Harvard shutters police substation because students felt ‘watched,’ complained it’s ‘not a pleasant feeling’

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Harvard University has apparently adopted an evict the police philosophy.

Its student-run news outlet, the Harvard Crimson, reports that a longtime campus police substation located at a residence hall has been shuttered because of its alleged intimidating effects on students.

“The decision to close the Mather House substation was made last week in response to concerns raised by Mather House staff and students as well as the amount of use of the substation by officers and community members,” a Harvard University police department spokesperson explained.

According to one student quoted in the article, “I am well aware that the police are not there to keep me actively safe. Having a police car sitting outside of Mather every night — which it does — doesn’t bring me any sense of safety. Instead, it implies that we’re being watched and policed, which is not a pleasant feeling.”

One bone of contention at the prestigious Ivy League bastion apparently was that armed officers regularly took their meals at the Mather dining hall, thereby making students “uncomfortable.”

Cops already had to go elsewhere for their lunch or dinner breaks after the practice was banned as of the fall 2021 semester.

Another student who lives in the dorm claimed that “The real effect that the presence of the HUPD substation has on the Mather community is simply a violent, visual intimidation tactic that students are forced to see every time they enter the house.”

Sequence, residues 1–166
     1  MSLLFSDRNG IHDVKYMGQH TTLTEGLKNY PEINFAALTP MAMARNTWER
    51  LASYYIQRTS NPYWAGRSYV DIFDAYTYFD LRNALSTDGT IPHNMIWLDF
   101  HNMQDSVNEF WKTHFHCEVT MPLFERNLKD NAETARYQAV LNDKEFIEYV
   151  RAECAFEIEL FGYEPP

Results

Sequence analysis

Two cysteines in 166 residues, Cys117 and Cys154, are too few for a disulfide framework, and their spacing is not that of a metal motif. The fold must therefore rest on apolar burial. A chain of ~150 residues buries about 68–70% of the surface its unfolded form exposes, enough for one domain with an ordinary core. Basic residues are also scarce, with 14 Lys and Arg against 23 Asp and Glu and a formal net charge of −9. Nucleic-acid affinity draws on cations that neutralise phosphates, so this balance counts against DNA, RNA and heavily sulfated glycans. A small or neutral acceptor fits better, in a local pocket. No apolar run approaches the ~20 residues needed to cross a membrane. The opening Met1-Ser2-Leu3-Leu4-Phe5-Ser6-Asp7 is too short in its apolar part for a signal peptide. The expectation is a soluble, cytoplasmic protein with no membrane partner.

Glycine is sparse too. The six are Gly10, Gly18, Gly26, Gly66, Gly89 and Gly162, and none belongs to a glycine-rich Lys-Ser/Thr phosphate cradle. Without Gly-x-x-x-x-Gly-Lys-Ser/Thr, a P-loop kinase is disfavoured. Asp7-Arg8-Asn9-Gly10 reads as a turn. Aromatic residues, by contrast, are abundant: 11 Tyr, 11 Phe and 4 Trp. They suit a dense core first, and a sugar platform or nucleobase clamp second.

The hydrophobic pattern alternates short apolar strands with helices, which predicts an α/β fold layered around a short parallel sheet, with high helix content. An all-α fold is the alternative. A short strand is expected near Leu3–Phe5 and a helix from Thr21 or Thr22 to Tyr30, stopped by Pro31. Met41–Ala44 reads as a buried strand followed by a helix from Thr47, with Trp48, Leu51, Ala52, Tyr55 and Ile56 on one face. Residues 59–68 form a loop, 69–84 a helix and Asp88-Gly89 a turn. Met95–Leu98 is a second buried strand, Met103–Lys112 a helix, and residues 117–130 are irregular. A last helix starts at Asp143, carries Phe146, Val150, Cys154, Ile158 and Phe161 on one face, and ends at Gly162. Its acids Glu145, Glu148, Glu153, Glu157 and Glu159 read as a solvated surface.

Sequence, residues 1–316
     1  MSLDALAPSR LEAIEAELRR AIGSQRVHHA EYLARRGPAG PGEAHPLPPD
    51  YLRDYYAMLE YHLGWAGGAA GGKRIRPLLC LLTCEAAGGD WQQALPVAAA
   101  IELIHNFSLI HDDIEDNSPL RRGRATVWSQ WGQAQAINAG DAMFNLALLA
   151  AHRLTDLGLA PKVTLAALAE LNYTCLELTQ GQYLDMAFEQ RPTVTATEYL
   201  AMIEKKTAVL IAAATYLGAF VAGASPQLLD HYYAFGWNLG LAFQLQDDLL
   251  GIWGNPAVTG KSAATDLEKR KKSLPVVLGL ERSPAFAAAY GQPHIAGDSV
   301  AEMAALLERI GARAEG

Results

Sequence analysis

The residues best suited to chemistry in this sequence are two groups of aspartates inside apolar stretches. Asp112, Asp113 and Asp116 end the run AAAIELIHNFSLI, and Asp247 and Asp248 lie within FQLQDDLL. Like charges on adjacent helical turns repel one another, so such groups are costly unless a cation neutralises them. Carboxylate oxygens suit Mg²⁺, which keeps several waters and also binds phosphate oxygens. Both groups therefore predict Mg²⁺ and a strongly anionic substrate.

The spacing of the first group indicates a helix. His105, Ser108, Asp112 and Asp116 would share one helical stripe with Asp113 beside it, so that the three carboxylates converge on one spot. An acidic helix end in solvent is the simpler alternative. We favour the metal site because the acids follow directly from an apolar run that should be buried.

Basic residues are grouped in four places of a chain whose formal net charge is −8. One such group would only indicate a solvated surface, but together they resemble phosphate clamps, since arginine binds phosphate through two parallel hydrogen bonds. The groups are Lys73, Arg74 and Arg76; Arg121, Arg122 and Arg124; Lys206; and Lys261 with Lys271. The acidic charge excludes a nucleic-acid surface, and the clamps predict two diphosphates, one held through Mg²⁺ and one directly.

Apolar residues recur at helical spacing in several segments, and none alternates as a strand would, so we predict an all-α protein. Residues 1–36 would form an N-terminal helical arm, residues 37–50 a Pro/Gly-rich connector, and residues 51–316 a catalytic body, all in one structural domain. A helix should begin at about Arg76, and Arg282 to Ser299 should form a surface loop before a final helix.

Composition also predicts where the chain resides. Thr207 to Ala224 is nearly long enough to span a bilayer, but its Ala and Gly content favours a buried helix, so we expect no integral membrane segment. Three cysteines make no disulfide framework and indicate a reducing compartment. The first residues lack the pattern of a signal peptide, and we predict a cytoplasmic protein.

The article quotes a third Mather resident who described the decision to close the 17-year-old substation a good first step, but in the end, the solution is to “abolish” the Harvard PD altogether.

The four (now three) substations were originally set up, in part, to advance community outreach. The Mather substation was the only one that was on site at a facility that houses undergraduates at Harvard, however.

According to the campus police crime dashboard which apparently has not been updated since June 2021, the department receives on average nearly 7,700 calls for service each year (or about 21 per day) from students, faculty, staff, and others, most of which involve alarms going off.

The Harvard credential is typically a gateway to top-level jobs in academia, law, politics, or in the corporate media. Tuition alone is about $68,000 per year for those who aren’t on a scholarship.

One comment posted underneath the Harvard article implied that activists aren’t representative of the student body at the elite, generally leftist, Cambridge, Mass-based college:

“The students interviewed for this Crimson piece don’t appear to reflect the views held by most undergrads (including people of color) who’ve had firsthand experiences HUPD. The views appear to be based on hearsay and generalizations about police.”

Here is a sampling of what some social media users are thinking about the decision:


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